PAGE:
Zelary (5)

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Zelary is a movie that takes place in Czech Republic. This movie focuses on one young women experiencing a difficult life. Eliska, the young student is forced into this country into a life with people she doesn’t know, and is expected to learn and function as a wife to an injured man, recovering from an accident. The movie includes mostly neutral colors, with the exception of a few scenes. The imagery in the film can be considered collectivistic, as we can identify a number of situations that include group gatherings. The film showed a number of emotions, especially from the main character, Eliska when she was forced into such a difficult life situation.

 

Lost in Translation (4)

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Lost in Translation is an American film which offers a comparison between the Japan and the United States. In this movie the main character Bob Harris is journeying through Tokyo on a business trip. The film visually offered a lot of evidence to support the major differences between the two countries. The movie shows how different the cultural aesthetic is in Tokyo then in America. Another thing that was noticeable in this film is the amount groups of people that were in it. I thought this was appropriate because of the idea that I had in my head about Japan being such a busy place. These scenes gave the movie a very fast- pace overall. There were a number of different foods introduced throughout the movie which also is important in the cultural makeup of a country. One of the major differences that was illustrated more than one time throughout the movie was the size of Bob Harris compared to a lot of the other people who lived in Japan. This allows outsiders to believe that it is common for Japanese to be smaller than Americans. Hence the title of the movie, “Lost in Translation”, we can notice the major language difference between Japan and the U.S which appears quite difficult to adjust to.

Babette’s Feast (3)

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This is a movie which takes place in Denmark. The movie is based on two elderly Christian sisters named Martine and Phillipa who live in small village in Denmark. Their father is a pastor at a Protestant church. When their father passes away, the movie flashes back to the women’s childhood years. Throughout the film, we can identify a number of components which appear important to their culture and religion. We notice the importance of being together, and sitting together at meals. We also can recognize the importance of God, and the way they connect with one another through this belief. The color palette in this film is very neutral for the most part. The density is low. The attire of the characters in the movie is very simple also. The clothing in the movie is very much a way of illustrating the importance of religion in their culture.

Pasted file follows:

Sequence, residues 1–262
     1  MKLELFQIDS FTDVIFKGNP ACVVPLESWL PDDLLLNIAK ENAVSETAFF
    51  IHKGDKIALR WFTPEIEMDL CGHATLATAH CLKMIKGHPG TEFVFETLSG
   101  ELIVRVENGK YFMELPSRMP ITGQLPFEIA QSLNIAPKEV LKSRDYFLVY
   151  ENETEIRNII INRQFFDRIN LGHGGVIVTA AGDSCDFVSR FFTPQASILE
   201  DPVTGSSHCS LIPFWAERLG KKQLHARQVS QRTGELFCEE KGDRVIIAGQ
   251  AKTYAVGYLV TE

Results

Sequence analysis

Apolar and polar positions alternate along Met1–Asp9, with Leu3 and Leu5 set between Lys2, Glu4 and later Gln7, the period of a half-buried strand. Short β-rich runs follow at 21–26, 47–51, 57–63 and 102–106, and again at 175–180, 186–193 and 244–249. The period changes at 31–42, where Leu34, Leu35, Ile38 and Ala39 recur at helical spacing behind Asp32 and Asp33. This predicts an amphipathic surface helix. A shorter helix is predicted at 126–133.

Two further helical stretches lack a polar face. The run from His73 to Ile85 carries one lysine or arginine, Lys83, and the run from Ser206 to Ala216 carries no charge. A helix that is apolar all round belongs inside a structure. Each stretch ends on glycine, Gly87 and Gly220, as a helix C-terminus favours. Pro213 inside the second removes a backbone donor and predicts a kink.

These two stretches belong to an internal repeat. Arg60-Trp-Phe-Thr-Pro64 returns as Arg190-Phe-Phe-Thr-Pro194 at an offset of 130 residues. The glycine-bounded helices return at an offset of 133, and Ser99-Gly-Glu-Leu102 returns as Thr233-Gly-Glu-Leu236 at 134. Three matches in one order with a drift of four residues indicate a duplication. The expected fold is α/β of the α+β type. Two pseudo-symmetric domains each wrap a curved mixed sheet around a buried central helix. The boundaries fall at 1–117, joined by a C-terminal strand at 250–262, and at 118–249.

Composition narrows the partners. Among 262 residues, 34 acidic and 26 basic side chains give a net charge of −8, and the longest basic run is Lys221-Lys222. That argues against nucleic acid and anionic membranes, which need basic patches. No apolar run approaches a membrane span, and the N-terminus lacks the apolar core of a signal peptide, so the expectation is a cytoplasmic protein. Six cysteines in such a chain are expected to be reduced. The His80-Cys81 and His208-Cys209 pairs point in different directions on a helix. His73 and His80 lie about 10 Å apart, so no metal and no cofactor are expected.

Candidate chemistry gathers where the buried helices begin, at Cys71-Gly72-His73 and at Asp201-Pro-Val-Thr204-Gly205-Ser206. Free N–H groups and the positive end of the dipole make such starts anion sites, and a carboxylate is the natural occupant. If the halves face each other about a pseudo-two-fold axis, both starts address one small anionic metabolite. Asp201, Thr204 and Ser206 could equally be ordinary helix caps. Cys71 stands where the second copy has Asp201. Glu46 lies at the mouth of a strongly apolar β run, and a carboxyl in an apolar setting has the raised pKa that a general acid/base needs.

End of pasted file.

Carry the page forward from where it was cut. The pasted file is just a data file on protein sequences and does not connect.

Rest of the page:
Mr. and Mrs. Lyer (2)

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  1. Mr. and Mrs. Lyer is an Indian movie that we watched to grasp an understanding of the Hindu culture. This movie was helpful in understanding the lifestyle in India. We learned that there are several different languages and religions in India, all of which are a very significant part of their lives. We get an idea of the rituals they practice, they way they dress, and much more from this movie. This movie also gives us an idea of the physical make up of India and what the lifestyle is like. We learn a lot about the importance of specific religion in this movie, and how big of a role it plays in the life of each person in India.